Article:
‘Starcatcher’ tells Peter Pan’s back story 

click to enlarge Peter and the Starcatcher
  • Courtesy photo
  • The Tony Award-winning “Peter and the Starcatcher,” adapted from a best-selling novel, comes to San Francisco this week.
Seven years ago, playwright Rick Elice of “Jersey Boys” fame wouldn’t have seriously considered penning anything related to Peter Pan.

“I was never a Peter Pan-o-phile and I didn’t know very much about him beyond the peanut butter,” says Elice, who, after prodding from acclaimed stage directors Roger Rees and Alex Timbers, found himself adapting Pulitzer Prize-winning humorist Dave Barry and Ridley Pearson’s best-selling novel “Peter and the Starcatchers.”

He did a pretty good job, too. The play “Peter and the Starcatcher,” which opens this week at the Curran Theatre in The City, won five Tony Awards in 2012.

Elice decided to do the project after reading J.M. Barrie’s original story — both a play and a novel — which is different from the musical version that has been popular for decades.

“I loved the things that Barrie did,” he says. “The real pleasure for me was figuring out a way as a writer to merge the contemporary, irreverent tone of Barry’s and Ridley’s novel with the style that James Barrie employed in the original some 100 years earlier.”

Elice particularly enjoyed how well Barrie used high comedy and low comedy, alliteration, puns, physical gags and meta-theatrical anachronisms.

In “Peter and the Starcatcher,” a prequel of sorts that explores how the title character became the boy who never grew up, a company of a dozen actors takes on more than 100 characters. The costumes, lighting, and sound and scenic design, which won Tonys, also are remarkable.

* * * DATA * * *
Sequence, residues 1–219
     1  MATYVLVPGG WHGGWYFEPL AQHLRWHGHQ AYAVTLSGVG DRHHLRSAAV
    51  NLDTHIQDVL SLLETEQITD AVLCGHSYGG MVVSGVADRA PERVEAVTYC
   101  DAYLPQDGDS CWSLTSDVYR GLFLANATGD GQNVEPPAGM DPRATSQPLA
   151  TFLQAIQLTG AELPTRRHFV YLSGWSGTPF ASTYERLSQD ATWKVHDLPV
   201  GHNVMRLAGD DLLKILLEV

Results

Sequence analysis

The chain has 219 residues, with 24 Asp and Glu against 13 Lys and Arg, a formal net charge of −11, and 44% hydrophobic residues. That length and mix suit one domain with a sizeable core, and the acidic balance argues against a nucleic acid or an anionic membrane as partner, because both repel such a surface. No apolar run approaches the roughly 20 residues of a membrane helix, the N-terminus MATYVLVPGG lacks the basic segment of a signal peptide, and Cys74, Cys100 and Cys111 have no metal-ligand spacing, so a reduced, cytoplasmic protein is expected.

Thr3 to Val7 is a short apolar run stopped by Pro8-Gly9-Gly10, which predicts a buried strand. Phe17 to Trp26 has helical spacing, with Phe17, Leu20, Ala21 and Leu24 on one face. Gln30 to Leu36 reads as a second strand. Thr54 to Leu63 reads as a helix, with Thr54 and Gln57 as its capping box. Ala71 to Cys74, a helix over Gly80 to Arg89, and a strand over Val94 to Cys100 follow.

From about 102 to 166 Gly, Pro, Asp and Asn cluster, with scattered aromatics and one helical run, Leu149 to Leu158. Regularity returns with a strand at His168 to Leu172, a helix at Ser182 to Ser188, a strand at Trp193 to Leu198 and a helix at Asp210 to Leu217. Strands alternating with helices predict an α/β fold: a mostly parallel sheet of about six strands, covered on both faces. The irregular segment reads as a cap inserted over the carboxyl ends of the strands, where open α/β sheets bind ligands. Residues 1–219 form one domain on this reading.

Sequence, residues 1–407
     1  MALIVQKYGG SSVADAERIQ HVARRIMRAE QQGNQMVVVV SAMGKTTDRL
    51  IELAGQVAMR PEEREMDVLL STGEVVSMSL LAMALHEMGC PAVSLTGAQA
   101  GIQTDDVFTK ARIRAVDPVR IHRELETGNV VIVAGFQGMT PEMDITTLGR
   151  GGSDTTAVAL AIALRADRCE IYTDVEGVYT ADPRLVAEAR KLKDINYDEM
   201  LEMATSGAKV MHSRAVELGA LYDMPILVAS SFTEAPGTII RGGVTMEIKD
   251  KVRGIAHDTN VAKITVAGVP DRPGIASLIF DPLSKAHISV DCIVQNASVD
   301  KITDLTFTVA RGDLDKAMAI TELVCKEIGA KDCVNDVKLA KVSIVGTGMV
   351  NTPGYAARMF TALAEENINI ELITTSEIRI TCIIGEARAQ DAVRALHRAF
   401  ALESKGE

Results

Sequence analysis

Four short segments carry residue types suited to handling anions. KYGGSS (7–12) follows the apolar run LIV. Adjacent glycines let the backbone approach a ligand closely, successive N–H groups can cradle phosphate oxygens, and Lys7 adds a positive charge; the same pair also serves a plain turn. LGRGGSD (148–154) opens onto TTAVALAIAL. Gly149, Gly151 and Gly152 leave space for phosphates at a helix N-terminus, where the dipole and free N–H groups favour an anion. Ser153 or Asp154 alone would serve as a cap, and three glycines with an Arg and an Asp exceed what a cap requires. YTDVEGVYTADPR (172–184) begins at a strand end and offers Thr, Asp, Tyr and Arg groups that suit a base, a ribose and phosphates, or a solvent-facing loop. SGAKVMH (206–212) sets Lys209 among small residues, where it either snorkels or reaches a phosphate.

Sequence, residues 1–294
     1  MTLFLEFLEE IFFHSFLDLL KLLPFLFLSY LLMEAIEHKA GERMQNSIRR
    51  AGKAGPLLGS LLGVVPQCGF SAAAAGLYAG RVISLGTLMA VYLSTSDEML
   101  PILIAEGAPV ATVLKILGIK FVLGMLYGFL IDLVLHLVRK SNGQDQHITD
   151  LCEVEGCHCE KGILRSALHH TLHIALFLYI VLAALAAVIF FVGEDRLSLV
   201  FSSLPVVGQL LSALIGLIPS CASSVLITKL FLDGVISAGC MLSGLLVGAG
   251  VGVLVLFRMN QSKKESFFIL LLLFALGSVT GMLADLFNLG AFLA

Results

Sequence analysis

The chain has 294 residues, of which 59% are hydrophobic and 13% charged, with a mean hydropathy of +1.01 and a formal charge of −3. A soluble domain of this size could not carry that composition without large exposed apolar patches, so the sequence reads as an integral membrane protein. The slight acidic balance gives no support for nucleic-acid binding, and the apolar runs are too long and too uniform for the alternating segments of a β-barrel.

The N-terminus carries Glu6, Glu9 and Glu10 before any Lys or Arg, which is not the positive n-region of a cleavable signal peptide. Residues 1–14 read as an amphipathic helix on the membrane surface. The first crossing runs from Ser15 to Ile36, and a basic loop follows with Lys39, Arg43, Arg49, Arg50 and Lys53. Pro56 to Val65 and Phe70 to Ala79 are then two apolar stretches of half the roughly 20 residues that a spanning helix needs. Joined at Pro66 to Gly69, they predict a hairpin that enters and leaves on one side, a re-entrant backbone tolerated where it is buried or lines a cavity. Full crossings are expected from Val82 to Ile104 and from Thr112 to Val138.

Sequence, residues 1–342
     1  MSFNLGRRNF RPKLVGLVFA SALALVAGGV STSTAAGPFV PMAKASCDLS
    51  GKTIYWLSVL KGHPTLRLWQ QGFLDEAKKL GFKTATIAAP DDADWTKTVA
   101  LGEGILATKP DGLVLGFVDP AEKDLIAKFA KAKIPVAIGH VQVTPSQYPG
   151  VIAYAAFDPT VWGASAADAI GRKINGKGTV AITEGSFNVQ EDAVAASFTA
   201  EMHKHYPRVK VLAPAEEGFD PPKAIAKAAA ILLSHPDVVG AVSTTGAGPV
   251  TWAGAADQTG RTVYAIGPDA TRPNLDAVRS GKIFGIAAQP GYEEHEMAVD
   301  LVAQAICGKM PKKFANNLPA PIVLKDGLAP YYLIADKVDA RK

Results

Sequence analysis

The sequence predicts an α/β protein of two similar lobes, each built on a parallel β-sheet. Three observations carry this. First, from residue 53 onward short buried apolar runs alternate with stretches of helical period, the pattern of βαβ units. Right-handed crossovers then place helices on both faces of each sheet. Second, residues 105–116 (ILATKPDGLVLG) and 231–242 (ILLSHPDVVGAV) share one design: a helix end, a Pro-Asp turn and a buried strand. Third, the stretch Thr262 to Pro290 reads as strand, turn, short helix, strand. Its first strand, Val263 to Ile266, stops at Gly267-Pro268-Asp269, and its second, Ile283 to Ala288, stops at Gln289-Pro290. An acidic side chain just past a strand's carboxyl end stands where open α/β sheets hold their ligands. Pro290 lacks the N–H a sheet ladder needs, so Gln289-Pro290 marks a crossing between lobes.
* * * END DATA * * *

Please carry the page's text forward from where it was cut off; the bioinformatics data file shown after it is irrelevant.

“The most satisfying part, for me, was really figuring out a way to do it,” says Elice, who earned a Tony nomination. “I loved the challenge to write a new play that merged the two disparate styles of James Barrie and Barry’s and Pearson’s work, but also connected the dots between the characters that are now so mythic in our culture.”

As for the fascination audiences continue to have with the iconic Peter Pan figure, Elice thinks it’s because people relate to how the character feels like an “eternal outsider.”

“It’s so easy for many of us to feel disenfranchised,” he says. “Peter never gets a place at the table or invited back into the room, and to understand that as an adult, and put it through a bittersweet prism onstage, is very effective.”

IF YOU GO

Peter and the Starcatcher

Where: Curran Theatre, 445 Geary St., S.F.

When: 8 p.m. most Tuesdays, Thursdays, Fridays, 2 and 8 p.m. Wednesdays and Saturdays, 2 p.m. Sundays; closes Dec. 1

Tickets: $40 to $160

Contact: (888) 746-1799, www.shnsf.com

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Greg Archer

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